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How can I follow Just-In-Time approach in hooking up my function to an action? I mean everybody just attach the functions to a very early stage like init which leaves the scope of optimisation. I saw in a Wordcamp presentation once that JIT will yield some performance and I totally agree with it but how do I find out what's the last hook I can hook to?

Anything which can help in understanding the WP code execution flow too?

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Is this curiosity, or do you have a specific problem you are trying to solve? I ask because you make a vague statement about performance. In my experience, trying to "improve performance" just on general grounds tends to be a waste of time. –  Peter Rowell Feb 28 '11 at 20:27
    
Learning it once will enable me to produce better code. Gain might not be always worth it but with time, I am sure it won't take more than a few seconds more to figure out whats the best hook to attach a function. –  Ashfame Feb 28 '11 at 20:49

3 Answers 3

Take a look at Mike's answer to a similar question more specifically the plugin he posted there can be used to create a list of all action hooks and filters that were called to generate that page in order of execution.

Hope this helps

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A lot of the time, people use the init hook. But this can be a mistake for many cases of conditional execution. For example, at init time, the view type ('home', 'single', 'page', 'archive', etc) is not yet known. If you need to conditionally call your function based on is_page() or similar, you need to use a hook that executes later, like template_redirect.

Similarly, for admin-side events, it is usually better to use the admin_menu hook rather than admin_init.

The resources in the Q/A pointed to by @Bainternet are very useful, so you should definitely look at those. But I thought I'd just point out a couple of specific things that might be useful to know.

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I myself use something different, but got this snippet to advance my hook "spoofer" one day.

function list_hooks( $filter = false ){
    global $wp_filter;

    $hooks = $wp_filter;
    ksort( $hooks );

    foreach( $hooks as $tag => $hook )
        if ( false === $filter || false !== strpos( $tag, $filter ) )
            dump_hook($tag, $hook);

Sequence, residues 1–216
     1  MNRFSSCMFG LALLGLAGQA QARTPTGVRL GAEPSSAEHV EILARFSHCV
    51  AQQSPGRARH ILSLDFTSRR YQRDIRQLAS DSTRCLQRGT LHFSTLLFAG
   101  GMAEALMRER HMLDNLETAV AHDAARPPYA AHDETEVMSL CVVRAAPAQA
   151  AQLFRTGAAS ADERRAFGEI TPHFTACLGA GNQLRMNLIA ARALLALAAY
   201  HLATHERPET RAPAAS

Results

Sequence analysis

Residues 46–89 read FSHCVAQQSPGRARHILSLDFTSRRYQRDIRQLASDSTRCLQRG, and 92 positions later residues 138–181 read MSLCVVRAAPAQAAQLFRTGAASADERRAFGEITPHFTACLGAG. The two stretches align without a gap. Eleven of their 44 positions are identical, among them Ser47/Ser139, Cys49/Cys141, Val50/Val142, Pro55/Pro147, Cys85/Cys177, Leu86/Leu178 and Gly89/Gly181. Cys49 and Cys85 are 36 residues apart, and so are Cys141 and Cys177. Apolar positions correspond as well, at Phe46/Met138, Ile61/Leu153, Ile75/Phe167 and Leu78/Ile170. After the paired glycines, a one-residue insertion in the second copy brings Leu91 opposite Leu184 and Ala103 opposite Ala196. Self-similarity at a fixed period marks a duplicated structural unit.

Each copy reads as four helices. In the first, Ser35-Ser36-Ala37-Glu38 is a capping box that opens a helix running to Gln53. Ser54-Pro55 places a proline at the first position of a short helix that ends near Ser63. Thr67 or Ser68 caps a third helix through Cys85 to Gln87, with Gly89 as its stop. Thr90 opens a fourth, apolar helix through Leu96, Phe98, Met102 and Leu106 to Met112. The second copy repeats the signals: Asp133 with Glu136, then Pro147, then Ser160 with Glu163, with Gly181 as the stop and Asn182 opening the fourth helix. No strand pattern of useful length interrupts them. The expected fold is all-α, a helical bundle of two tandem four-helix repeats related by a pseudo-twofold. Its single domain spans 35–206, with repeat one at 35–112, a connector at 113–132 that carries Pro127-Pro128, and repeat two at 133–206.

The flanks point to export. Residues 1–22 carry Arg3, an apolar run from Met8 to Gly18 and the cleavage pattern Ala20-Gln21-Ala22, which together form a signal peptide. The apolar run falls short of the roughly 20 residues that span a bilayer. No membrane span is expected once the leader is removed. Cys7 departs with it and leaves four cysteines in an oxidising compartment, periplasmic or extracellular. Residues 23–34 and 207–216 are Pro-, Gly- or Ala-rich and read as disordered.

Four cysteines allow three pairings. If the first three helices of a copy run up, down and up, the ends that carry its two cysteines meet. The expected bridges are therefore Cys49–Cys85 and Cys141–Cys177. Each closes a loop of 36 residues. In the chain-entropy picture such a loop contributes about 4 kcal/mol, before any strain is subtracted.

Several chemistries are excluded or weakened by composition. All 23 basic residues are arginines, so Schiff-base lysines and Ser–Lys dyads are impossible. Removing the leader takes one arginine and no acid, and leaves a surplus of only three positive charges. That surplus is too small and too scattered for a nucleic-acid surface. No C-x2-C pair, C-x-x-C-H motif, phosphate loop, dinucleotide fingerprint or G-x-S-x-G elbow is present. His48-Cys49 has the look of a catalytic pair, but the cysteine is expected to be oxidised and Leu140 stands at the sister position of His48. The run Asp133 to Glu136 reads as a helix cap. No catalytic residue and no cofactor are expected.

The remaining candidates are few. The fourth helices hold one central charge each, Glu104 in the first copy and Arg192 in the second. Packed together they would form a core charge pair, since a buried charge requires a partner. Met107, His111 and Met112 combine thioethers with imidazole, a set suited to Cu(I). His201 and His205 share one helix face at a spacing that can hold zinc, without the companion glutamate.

}

function list_live_hooks( $hook = false ) {
    if ( false === $hook )
        $hook = 'all';

    add_action( $hook, 'list_hook_details', -1 );
}

function list_hook_details( $input = NULL ) {
    global $wp_filter;

    $tag = current_filter();
    if( isset( $wp_filter[$tag] ) )
        dump_hook( $tag, $wp_filter[$tag] );

    return $input;
}

function dump_hook( $tag, $hook ) {
    ksort($hook);

    echo "<pre>&gt;&gt;&gt;&gt;&gt;\t<strong>$tag</strong><br />";

    foreach( $hook as $priority => $functions ) {

    echo $priority;

    foreach( $functions as $function )
        if( $function['function'] != 'list_hook_details' ) {

        echo "\t";

        if( is_string( $function['function'] ) )
            echo $function['function'];

        elseif( is_string( $function['function'][0] ) )
             echo $function['function'][0] . ' -> ' . $function['function'][1];

        elseif( is_object( $function['function'][0] ) )
            echo "(object) " . get_class( $function['function'][0] ) . ' -> ' . $function['function'][1];

        else
            print_r($function);

        echo ' (' . $function['accepted_args'] . ') <br />';
        }
    }

    echo '</pre>';
}

If someone wrote this, pls name yourself as the author (with a link to orig. source). I forgot to safe the link.


Edit: You should also take a look into this page @Codex. There you can see the order in which order get triggered.
Should give you a start: /root/index.php > wp-blog-header.php > wp-load.php > wp-config.php > wp-settings.php > \wp-includes\load.php > \wp-includes\default-constants.php > ... best would be you grab some debug class from somewhere and just check the includes local.

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